requirements is this directive that just says, look, we want you to cover these pre-SORNA sex offenders, again, to the extent feasible. The petitioner’s response,
not surprisingly, is that that’s nowhere to be found in the language of the statute,
that the statute, again, constitutes an unfettered
delegation of discretion. Now, notably, at least
three members of the court, two of whom are still serving, have previously expressed concern about the scope of the
delegation in this provision. Justice Scalia wrote a
separate opinion in one of the court’s earlier cases
involving the interpretation of SORNA, expressing concern
about this delegation. He was joined, notably,
by Justice Ginsburg in that opinion, and then Judge Gorsuch, when he was serving on the Tenth Circuit, expressed a very similar
concern about SORNA in, I believe, a dissent from
the denial of (mumbles) review in one of these cases
in the Tenth Circuit. And I think in light of
those separate opinions, I think there is a very high
likelihood that the court will, in fact, apply the
non-delegation doctrine here. There are all sorts of
interesting questions about the scope of that doctrine, whether the court might
seek to put a greater degree of teeth into the intelligible
principle standard, Justice Thomas has
suggested, in one of his kind of characteristic, separate opinions, that the court, in fact, should do so, but I, for one, am pretty skeptical that this is going to be
the vehicle for the court to do that, I think that this
is just about the worst case that the government
could have for attempting to defend a statute against
a non-delegation challenge. Not only is the statute, by its terms, quite broad, but this arises
in the criminal context, or at least in the context of a statute that has criminal consequences, including for the petitioner here, and it arises in a case
that has an overlay of both retroactivity
and federalism concerns, and these are the contexts
in which the court tends to be at its most
sympathetic to challengers. And so I suspect that what
we’re going to get out of this decision, particularly if it comes from an eight justice, rather
than a nine justice court, is a decision that applies
a non-delegation doctrine, but says comparatively little about the scope of that doctrine. I would just add one other thing, which is, that what is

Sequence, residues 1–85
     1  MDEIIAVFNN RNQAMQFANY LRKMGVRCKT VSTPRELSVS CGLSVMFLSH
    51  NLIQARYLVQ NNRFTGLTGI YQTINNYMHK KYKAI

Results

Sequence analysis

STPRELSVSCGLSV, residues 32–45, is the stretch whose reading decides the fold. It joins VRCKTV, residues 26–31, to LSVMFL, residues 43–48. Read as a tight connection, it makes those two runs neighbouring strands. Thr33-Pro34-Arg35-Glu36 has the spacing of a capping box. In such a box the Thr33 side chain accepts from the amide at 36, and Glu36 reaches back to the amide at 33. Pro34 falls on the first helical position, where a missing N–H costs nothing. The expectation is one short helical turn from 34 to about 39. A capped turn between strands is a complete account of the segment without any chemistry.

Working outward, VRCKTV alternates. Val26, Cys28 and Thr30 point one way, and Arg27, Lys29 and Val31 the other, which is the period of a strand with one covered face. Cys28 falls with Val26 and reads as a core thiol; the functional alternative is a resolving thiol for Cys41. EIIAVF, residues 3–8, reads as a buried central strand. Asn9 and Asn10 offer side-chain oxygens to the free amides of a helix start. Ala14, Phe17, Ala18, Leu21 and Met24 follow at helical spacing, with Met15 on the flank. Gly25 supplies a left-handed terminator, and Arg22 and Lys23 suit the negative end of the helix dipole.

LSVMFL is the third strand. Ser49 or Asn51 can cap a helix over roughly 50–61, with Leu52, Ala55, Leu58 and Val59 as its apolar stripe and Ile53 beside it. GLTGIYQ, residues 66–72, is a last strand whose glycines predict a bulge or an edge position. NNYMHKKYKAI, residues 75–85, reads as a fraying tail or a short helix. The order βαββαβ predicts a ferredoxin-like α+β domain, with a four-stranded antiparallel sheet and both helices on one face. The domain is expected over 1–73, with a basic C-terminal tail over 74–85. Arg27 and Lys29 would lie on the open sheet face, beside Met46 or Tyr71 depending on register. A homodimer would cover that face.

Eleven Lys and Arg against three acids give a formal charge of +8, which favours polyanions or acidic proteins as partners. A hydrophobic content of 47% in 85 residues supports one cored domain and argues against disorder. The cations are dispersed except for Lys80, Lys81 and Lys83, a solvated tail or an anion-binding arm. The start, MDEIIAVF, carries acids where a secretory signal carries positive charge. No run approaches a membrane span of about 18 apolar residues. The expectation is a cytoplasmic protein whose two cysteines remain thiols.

interesting about this case is, this is one of those classic cases where the non-delegation
doctrine has been, you know, I think something of a cause in the conservative legal community, but yet you have the Trump administration, and the Trump administration’s
Solicitor General’s office, defending the statute, Jeff Wall, the Principal Deputy Solicitor General, is listed on the brief, even though this is
technically a criminal case, I wouldn’t at all be surprised
to see Jeff argue this case in a couple of weeks, but I have to say that in reading the government’s
brief, my reaction was that the government took
one look at this case, and is hoping simply to lose it narrowly. (panel laughs) – Other comments on that? – I guess I have one
comment, slash, you know, question for the panel,
which is, you know, to me there are perhaps difficult cases about the non-delegation doctrine, like you need to have an
intelligible principle, and so when Congress tells the EPA to, you know, set regulations, and gives them, like, some general
guidance, is it good enough? But, you know, this is a case
with criminal consequences, and it seems like the implication of the government winning would be that the Attorney General
could define things as crimes, himself, kind of without
Congress, and I can’t imagine that that is something the
Supreme Court would accept, and I wonder if that’s really
a narrower way to decide this. I think that it’s been,
this case has been briefed, that that’s kind of been
briefed as a separate issue, as, you know, an easier
way, and so I’d be curious to see what folks think, and just, you know, maybe one data point. During the time I was in the SG’s office, we would occasionally see cases in the lower courts where the
government would have a case, would have, like, an immigration case where it would have, or a statute that would have immigration consequences, and also criminal consequences, and issues would arise about deference, like Chevron deference, could
you get Chevron deference to the immigration, you know, opinion that the Bureau of, the BIA has, when it also has criminal consequences. And, you know, at least
my view at the time was, like, oh, how could we seek deference? We’re not supposed to be
defining what crimes are. Well, here the AG is actually defining what a crime is, it’s not
even a question of deference, so I just have a hard time believing the government will get
very far in this one at all. – Yeah, I mean, I think, Nicole, the government concedes in its brief, you know, that very hypothetical, I mean, there’s a line
in the government’s brief that says, “If SORNA in
fact authorize the executive “to create new federal
crimes out of whole cloth, “that would raise substantial
constitutional questions “about non-delegation under any standard.” And for those of you who are not adept at translating SG speak, substantial
constitutional questions, I think is gonna mean,
we wouldn’t defend that, we would definitely lose. But I think the real
problem for the SG’s office, in this case, is, you know, how do you go about distinguishing this provision from a provision that does exactly that. I mean, I just really think that if, you know, Congress said to the, the Justice Department,
if Congress passed a law that said, you know,
it is for you to define what constitutes a federal
drug offense, I mean, I don’t know that the Supreme
Court would even bother to hold oral argument, they would say– – Well, Congress has
actually done that, you know, you, the government,